Don’t sound boring - use discourse markers to improve your English!

A quick way to make sure your English isn’t repetitive is to vary the discourse markers or ‘fillers’ you use when you speak. Words or sounds like ‘basically’, ‘well’, and ‘hmm’ can be ‘fillers’. They can have a vague meaning or no meaning at all when used in conversation.

We all use fillers to buy us time time while we are thinking of what to say next. It’s a natural part of most languages, but if we use the same one too often, it starts to sound boring and repetitive.

A good first step to varying your speech is to record a sample of yourself speaking and find out which ‘fillers’ or discourse markers you use most. Set yourself a task to speak for a minute about a topic of your choice, and then record yourself as you speak.

Listen back to the recording and you will notice the discourse markers and sounds that you use most often. It’s usually obvious to our listeners, but often we don’t notice when we use them, so hearing your speech played back can sometimes be a little embarrassing. When I first did this activity with a class, we all looked at our most common ‘fillers’. Mine was ‘so’ and every time I said it for the next week, all my students laughed and told me to stop.

Once you’ve identified your most common discourse markers, make a conscious effort not to use them. Instead, you can use some of these alternatives.

Instead of repeating ‘I mean’, try using ‘What I’m trying to say is..’, ‘My point is…’, or ‘What I’m getting at is…’.

‘Of course’ is another discourse marker that some people overuse. Try ‘Obviously…’ or ‘It’s clear that…’ instead. Remember, only use these discourse markers when what you are about to say will, in fact, be obvious to the listener, otherwise it can sound arrogant.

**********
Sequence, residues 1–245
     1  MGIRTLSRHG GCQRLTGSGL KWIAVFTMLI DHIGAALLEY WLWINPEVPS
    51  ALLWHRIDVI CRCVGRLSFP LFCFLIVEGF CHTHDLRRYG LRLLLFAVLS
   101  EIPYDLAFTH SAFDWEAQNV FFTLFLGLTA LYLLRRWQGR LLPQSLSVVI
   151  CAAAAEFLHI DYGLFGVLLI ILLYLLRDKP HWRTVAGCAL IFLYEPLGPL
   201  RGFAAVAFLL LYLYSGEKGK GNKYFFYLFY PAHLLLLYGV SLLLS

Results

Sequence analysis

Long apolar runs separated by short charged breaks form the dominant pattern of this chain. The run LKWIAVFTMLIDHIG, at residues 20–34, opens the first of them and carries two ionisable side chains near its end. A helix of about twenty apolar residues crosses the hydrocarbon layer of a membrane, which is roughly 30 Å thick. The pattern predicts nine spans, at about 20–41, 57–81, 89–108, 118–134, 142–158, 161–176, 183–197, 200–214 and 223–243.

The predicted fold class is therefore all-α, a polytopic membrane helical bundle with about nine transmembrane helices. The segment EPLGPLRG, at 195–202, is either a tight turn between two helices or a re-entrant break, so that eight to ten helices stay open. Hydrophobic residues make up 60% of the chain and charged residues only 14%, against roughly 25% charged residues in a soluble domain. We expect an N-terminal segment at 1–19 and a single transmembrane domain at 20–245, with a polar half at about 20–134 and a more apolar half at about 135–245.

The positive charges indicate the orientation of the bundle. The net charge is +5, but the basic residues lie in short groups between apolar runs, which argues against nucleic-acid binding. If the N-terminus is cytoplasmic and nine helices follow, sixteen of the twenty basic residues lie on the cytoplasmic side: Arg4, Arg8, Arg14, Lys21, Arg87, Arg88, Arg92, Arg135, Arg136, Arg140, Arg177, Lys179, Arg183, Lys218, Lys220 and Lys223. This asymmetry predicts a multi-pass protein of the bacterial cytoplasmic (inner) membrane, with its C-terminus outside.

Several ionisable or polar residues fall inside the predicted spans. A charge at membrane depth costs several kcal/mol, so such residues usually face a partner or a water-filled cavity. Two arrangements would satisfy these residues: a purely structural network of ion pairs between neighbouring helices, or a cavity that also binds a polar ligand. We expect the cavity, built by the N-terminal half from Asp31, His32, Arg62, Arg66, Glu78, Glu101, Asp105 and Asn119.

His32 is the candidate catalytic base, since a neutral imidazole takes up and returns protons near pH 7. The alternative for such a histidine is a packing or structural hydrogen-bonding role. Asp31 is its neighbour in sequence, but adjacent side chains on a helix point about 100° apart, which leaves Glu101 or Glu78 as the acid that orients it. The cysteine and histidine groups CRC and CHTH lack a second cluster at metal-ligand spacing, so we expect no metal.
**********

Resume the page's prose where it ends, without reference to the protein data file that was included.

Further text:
If you fill time in your speech by saying ‘err’, you may be able to swap it for ‘now’, ‘so’, or ‘well’.

A discourse marker commonly overused by native speakers, particularly younger ones, is ‘like’. You might hear someone say: “So I was, like, at this, like, party. And my friend was, like, asking me to, like, dance.” Overusing ‘like’ can sound very boring and annoying to speakers of English, so it’s best avoided. Try and find an alternative, or even add just pauses to your conversation. It’ll make your spoken English sound much more sophisticated.

So, now that you have some alternative expressions you can use while you are thinking, try recording your speech again. This time, every time you find yourself overusing your favourite discourse marker, try and use one of the new ones instead. You’ll find that practising this way regularly will increase your range of vocabulary and make your English sound more varied and sophisticated.